Station to station: Ten DAB-Bluetooth combo radios
Take your pick – airwaves entertainment or stream your own
If you’d not heard of Sandstrom before it’s not too surprising as this is the Dixons/Currys/PC World taste-the-difference audio brand that cuts a bit more of a dash than its Happy Shopper-style Logik offerings.
Certainly, as far as performance goes, this bookshelf design with a ported speaker packs a punch and delivers respectable DAB/FM reception too. The Bluetooth communication required a few flicks of the mode switch from a familiar looking range of options. At a glance, the list of functions suggests it has the same innards as the Philips or Revo but this model, like the other Sandstrom on test is DAB only with no DAB+ receiver.
The cheapest model on test holds its own rather well
For the time being at least, that shouldn’t be too much of a problem although audiophiles will argue the merits of the improved codecs on DAB+. Well, to be honest, audiophiles are more likely to argue the merits of FM stereo than DAB+, but I digress.
The front panel has a feast of buttons with some doubling as transport controls for Bluetooth playback. It does save diving into lengthy menus but you’ll need to do some prods and twirls for preset access via the Memory button. Likewise, FM autotuning needs a bit of encouragement this way too.
As a bedside or kitchen companion there’s little to complain about with its aux input, headphone jack and USB charging around the back accommodating various scenarios.
A rather busy front panel but sensibly laid out all the same
One thing to watch out for is the name of this radio doesn’t appear in the Bluetooth device listing on your mobile. Instead, when pairing you’ll either see "Bluetooth speaker" or a MAC address, while it thinks about what to display. With this Sandstrom you do get what you pay for given the absence of DAB+ but the rest is quite stylish with a sound that, while no bass boomer, is certainly very listenable and quite pokey too.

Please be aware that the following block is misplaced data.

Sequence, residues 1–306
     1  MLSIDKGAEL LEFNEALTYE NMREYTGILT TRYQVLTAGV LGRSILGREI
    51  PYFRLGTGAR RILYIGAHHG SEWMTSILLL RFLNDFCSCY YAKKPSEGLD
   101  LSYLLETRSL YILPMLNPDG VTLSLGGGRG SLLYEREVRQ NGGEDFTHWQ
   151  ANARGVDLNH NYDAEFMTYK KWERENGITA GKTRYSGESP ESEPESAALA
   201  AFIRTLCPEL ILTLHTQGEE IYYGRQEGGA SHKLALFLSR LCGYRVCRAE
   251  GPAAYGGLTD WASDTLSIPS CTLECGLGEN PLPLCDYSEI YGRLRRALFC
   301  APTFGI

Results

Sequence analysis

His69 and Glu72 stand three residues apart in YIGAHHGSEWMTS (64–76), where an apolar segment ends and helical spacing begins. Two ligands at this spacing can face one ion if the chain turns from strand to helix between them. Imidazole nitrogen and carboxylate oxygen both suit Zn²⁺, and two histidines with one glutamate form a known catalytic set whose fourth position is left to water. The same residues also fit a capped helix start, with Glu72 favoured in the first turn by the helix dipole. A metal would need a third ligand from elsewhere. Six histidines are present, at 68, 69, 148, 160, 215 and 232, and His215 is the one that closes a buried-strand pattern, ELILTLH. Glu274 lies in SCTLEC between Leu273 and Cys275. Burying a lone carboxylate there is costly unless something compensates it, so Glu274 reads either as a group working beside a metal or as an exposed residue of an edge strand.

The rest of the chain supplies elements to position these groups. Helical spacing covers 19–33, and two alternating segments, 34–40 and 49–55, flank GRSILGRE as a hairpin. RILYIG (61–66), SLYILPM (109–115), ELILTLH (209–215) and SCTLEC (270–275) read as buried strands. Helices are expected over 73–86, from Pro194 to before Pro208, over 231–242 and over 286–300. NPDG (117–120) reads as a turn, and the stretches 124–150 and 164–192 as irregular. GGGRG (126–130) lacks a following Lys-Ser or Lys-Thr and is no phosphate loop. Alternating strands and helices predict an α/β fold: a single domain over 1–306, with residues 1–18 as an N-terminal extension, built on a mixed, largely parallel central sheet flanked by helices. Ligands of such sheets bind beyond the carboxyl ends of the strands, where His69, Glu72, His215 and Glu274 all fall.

More info Sandstrom
As I type, El Reg’s boozy afternoon Christmas bash is underway and I’m busy testing this late arrival to our Bluetooth-DAB radio fest; streaming some choice New Wave tunes from a bygone era and blasting them out across the office as fellow Vultures sup ale, make merry and shout out song requests.
Can be battery operated too, just be sure to stock up on rechargeables
Still, I’m no party pooper, playing DJ with streaming services while actually sort of working, ’tis no bad thing and this Sandstrom acquits itself very well. While it doesn’t pump out bass anything like the Revo SuperSignal, it certainly doesn’t whisper either. Unlike its S7BTD12 stablemate, the styling is rather more spread out and doesn’t seem so finessed, but it all works and it’ll even report its name when pairing to Bluetooth devices and features transport controls too.
The carry handle is a giveaway, as it does take batteries. Yup, 6 x AA cells which, given DAB’s power hungry nature, doesn’t suggest they would last too long – some high power rechargeable cells would seem to be in order here, if you want to chance it. Round the back are the aux and headphone jack sockets and a USB B port for updates, which hopefully will make an appearance on the dedicated Sandstrom site which, as far as support goes, looks very much like work in progress.
Styling for a stainless steel kitchen?
While there is an alarm you won’t find a snooze button and likewise the sleep options are all buried in the Menu functions. Although presets are another prod and twirl effort, the large LCD delivers a good level of information showing, stations, programme material and the obligatory clock. Perhaps not the first choice for the bedroom, it would play nice in the kitchen or home office, especially as you'll currently find it discounted from £100 to £70. ®
More info Sandstrom
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